Microsoft says it’s removed an older, controversial DRM feature on its Xbox Series X consoles, allowing users to once again play disc-based Xbox One games on their consoles without an active internet connection.
The Xbox Series X, like the Xbox One before it, previously required a live internet connection to play Xbox One titles on a disc. It didn’t matter if you installed the disc’s content to the console’s internal storage, you still needed an internet connection to launch the game.
S Series consoles are obviously an exception to this as they don’t have a disc drive and therefore cannot play disc-based games.
However, as of last month, your console no longer has to go through this online check before launching disc-based games. As discovered by Games Radar, Xbox One games on a retail disc can now finally be played offline.
“This has been in effect since the 2206 update,” reads a tweet from Xbox engineering lead Eden Marie (although Marie would later confirm She was referring to update 2208, not 2206). “We’ve examined the data since the launch of the Series X|S and found that in the vast majority of cases, the online compatibility check is not required for Xbox One discs. Some games may still need to be updated online after installation to ensure the best experience.”
Yes, this has been the case since update 2206. We have examined the data since the launch of the Series X|S and found that the online compatibility check is not required for Xbox One discs in the vast majority of cases. Some games may still need to be updated online after installation to ensure the best experience.
— Eden Marie (@neonepiphany) September 19, 2022
The 2208 update was released in August, although the release notes don’t mention the removal of the DRM at all.
To be perfectly clear, Xbox Series X discs were already playable without an internet connection. The DRM disabled here is a holdover from the Xbox One’s difficult launch days, when an always-on connection was a mandatory component of the console’s operation. Where this DRM became an issue was in relation to Smart Delivery. Smart Delivery is Xbox’s one-size-fits-all content delivery system, the idea of which is that with one purchase you get a copy of your game on every Xbox platform. The system will then determine which console you are currently on and download the appropriate version for you. The thing is, most Smart Delivery-enabled games ship with the Xbox One version on the disc and then download a separate Series X upgrade once the disc is inserted. Until this upgrade was made, you wouldn’t be able to play any of these games without an always-on connection.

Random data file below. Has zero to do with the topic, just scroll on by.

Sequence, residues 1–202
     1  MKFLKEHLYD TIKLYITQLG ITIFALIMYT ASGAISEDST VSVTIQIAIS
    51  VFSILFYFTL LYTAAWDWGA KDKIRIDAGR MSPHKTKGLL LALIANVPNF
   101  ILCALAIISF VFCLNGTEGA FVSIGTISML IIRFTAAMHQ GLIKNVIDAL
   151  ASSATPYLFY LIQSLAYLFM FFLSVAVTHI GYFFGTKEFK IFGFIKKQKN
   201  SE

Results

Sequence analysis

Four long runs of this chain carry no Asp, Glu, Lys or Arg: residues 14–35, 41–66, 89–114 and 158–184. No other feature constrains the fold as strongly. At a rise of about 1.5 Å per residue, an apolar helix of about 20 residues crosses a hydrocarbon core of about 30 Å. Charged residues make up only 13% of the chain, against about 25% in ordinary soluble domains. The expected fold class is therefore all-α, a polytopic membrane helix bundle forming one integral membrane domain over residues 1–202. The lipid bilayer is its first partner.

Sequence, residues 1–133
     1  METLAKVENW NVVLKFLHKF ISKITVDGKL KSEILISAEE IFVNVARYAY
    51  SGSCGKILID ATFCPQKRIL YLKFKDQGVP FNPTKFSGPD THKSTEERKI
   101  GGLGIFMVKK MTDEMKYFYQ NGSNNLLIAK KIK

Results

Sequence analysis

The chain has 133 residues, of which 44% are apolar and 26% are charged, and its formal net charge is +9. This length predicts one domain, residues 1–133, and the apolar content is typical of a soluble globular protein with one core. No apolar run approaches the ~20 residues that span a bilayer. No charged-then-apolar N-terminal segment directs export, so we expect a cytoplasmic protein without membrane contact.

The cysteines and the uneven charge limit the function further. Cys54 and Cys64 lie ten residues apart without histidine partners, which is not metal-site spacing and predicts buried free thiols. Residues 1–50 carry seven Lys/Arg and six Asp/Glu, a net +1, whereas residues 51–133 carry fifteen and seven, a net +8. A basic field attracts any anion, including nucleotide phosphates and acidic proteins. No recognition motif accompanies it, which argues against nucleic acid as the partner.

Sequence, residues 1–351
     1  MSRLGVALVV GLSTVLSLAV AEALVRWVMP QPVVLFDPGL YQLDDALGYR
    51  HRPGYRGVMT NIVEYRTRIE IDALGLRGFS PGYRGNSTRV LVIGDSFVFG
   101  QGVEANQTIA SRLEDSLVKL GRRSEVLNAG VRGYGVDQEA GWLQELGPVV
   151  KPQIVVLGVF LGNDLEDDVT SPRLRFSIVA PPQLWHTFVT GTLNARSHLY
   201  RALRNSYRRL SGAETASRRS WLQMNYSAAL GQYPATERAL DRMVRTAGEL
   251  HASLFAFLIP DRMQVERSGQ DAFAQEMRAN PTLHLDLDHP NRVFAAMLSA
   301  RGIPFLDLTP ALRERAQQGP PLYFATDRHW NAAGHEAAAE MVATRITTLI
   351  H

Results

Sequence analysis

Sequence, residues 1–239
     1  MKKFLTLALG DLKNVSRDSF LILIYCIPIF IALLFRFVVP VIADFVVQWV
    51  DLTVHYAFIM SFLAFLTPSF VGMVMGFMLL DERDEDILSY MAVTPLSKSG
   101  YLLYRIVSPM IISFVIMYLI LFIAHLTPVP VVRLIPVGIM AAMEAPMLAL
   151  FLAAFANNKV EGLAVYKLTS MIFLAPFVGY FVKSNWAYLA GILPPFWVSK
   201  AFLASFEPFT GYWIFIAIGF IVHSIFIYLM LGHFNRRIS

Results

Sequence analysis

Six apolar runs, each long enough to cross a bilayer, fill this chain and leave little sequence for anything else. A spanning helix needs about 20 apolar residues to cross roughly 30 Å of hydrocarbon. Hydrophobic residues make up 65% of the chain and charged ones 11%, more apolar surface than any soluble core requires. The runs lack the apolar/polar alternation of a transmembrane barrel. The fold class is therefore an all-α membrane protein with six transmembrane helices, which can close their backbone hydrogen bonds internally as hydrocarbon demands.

DRM was controversial at the time of Xbox One’s launch, compounded by anger over Microsoft’s view on rented games. It might be hard to believe that was so many years away, but Microsoft really intended to crack down on people who lend games to their friends. Kinda crazy to think about it now.
There are still parts of the Xbox system that require an internet connection – the initial setup phase comes to mind easily. OG Xbox and Xbox 360 games still require an internet connection as the system needs to download them fully even if you insert a disc.